abstract = {In this paper we present a reliable method to verify the existence of loops along the uncertain trajectory of a robot, based on proprioceptive measurements only, within a boundederror context. The loop closure detection is one of the key points in simultaneous localization and mapping (SLAM) methods, especially in homogeneous environments with difficult scenes recognitions. The proposed approach is generic and could be coupled with conventional SLAM algorithms to reliably reduce their computing burden, thus improving the localization and mapping processes in the most challenging environments such as unexplored underwater extents. To prove that a robot performed a loop whatever the uncertainties in its evolution, we employ the notion of topological degree that originates in the field of differential topology. We show that a verification tool based on the topological degree is an optimal method for proving robot loops. This is demonstrated both on datasets from real missions involving autonomous underwater vehicles and by a mathematical discussion.},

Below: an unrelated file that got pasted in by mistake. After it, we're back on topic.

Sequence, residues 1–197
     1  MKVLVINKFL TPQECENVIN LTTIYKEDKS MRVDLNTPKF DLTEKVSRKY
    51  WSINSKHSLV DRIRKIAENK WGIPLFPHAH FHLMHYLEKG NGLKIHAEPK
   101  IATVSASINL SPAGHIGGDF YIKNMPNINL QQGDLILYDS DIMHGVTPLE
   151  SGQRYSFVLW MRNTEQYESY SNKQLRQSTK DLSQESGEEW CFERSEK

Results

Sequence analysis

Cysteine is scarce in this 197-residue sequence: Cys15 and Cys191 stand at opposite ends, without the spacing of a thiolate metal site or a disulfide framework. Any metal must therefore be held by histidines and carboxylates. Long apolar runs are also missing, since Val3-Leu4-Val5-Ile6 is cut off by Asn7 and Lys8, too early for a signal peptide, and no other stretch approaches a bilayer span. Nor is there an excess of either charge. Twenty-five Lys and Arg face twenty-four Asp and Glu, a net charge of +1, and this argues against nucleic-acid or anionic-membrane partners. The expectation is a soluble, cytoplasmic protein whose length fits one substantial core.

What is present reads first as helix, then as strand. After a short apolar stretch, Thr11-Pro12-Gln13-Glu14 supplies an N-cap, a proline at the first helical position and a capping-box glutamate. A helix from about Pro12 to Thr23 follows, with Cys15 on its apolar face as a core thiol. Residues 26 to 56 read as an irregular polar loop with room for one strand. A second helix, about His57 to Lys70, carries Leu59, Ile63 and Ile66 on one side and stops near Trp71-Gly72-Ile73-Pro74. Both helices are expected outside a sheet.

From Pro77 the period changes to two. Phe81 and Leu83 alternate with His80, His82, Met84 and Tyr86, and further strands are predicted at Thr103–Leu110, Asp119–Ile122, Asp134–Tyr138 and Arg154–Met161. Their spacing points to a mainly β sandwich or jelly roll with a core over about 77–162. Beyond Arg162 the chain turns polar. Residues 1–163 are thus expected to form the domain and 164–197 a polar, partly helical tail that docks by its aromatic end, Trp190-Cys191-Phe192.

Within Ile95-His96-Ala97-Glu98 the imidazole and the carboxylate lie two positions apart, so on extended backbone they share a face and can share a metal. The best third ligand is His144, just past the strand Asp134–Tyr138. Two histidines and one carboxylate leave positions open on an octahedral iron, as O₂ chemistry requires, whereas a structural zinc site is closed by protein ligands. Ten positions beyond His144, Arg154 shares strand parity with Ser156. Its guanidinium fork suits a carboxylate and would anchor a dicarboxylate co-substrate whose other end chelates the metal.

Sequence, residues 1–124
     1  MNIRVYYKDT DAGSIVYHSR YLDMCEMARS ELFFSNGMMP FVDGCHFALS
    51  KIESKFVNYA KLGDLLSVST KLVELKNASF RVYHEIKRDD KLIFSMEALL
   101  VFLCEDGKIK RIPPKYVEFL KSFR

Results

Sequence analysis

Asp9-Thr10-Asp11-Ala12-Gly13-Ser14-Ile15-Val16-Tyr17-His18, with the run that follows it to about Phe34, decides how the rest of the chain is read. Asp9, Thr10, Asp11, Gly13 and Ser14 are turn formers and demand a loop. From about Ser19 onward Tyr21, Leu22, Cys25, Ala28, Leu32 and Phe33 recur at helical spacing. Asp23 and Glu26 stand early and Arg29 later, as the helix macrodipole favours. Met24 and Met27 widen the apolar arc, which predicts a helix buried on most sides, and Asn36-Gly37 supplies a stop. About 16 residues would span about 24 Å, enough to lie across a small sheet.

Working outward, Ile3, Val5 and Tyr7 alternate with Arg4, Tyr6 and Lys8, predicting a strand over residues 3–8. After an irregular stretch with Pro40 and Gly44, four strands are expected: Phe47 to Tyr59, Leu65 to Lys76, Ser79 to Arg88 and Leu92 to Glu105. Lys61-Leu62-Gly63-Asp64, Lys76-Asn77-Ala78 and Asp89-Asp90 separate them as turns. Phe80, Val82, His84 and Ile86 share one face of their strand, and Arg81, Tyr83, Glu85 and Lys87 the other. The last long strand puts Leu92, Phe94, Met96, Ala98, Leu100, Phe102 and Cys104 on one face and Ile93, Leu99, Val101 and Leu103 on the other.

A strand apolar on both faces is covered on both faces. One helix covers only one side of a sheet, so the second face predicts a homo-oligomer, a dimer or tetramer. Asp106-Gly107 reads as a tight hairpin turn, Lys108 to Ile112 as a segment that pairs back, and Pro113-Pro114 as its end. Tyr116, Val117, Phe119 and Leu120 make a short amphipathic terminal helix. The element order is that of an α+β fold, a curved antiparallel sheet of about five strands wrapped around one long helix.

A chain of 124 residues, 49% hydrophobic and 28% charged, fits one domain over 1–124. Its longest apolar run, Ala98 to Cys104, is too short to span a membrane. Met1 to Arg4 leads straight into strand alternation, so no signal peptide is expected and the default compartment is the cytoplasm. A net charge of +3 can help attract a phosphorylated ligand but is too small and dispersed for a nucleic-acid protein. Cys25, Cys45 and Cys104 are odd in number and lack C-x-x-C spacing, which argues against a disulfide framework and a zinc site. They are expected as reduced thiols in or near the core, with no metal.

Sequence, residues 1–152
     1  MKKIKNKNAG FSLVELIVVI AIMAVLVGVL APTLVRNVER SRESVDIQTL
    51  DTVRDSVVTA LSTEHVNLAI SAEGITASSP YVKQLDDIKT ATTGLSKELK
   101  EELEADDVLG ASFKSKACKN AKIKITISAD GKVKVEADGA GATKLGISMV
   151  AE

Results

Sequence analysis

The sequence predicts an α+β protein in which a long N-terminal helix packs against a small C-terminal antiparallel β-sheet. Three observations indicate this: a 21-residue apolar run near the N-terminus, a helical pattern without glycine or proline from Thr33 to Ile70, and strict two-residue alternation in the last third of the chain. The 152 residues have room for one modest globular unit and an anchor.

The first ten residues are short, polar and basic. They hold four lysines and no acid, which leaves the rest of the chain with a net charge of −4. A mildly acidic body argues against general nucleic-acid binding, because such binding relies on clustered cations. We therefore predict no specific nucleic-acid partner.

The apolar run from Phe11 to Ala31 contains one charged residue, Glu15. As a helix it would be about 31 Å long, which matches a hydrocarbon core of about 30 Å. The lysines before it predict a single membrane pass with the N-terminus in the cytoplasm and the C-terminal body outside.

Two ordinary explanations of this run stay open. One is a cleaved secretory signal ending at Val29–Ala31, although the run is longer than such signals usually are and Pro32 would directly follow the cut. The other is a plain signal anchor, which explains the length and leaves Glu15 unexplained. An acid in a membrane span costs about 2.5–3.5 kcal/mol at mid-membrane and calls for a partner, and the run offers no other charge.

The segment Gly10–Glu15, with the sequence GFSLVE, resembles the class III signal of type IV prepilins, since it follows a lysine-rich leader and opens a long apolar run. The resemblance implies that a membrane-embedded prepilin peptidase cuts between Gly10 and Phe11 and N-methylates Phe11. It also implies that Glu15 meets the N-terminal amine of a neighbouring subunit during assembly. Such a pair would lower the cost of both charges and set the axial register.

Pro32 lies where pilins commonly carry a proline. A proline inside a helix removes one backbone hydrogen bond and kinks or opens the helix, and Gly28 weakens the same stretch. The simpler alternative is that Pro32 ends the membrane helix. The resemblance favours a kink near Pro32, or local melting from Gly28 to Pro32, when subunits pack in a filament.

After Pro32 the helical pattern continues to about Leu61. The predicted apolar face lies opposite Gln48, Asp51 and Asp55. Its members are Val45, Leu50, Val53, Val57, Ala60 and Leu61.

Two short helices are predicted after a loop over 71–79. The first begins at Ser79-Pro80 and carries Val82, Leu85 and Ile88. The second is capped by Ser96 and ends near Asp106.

author = {Rohou, Simon and Franek, Peter and Aubry, Clément and Jaulin, Luc},
issn = {02783649},
journal = {The International Journal of Robotics Research},
number = {12},
pages = {15001516},
publisher = {SAGE Publications},
title = {{Proving the existence of loops in robot trajectories}},
doi = {10.1177/0278364918808367},
volume = {37},
year = {2018},
}
@inproceedings{5962,